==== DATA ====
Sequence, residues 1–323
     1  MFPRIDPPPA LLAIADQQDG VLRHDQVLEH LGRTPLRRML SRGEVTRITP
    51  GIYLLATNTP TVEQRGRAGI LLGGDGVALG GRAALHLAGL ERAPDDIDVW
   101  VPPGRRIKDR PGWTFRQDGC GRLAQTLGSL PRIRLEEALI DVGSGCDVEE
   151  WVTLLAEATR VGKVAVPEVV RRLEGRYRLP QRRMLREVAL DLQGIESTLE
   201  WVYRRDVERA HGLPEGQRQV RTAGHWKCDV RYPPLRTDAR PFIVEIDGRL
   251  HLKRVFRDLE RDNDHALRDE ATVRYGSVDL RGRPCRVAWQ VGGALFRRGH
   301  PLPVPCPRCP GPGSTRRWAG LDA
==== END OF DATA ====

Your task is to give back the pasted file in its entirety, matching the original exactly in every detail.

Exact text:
Sequence, residues 1–323
     1  MFPRIDPPPA LLAIADQQDG VLRHDQVLEH LGRTPLRRML SRGEVTRITP
    51  GIYLLATNTP TVEQRGRAGI LLGGDGVALG GRAALHLAGL ERAPDDIDVW
   101  VPPGRRIKDR PGWTFRQDGC GRLAQTLGSL PRIRLEEALI DVGSGCDVEE
   151  WVTLLAEATR VGKVAVPEVV RRLEGRYRLP QRRMLREVAL DLQGIESTLE
   201  WVYRRDVERA HGLPEGQRQV RTAGHWKCDV RYPPLRTDAR PFIVEIDGRL
   251  HLKRVFRDLE RDNDHALRDE ATVRYGSVDL RGRPCRVAWQ VGGALFRRGH
   301  PLPVPCPRCP GPGSTRRWAG LDA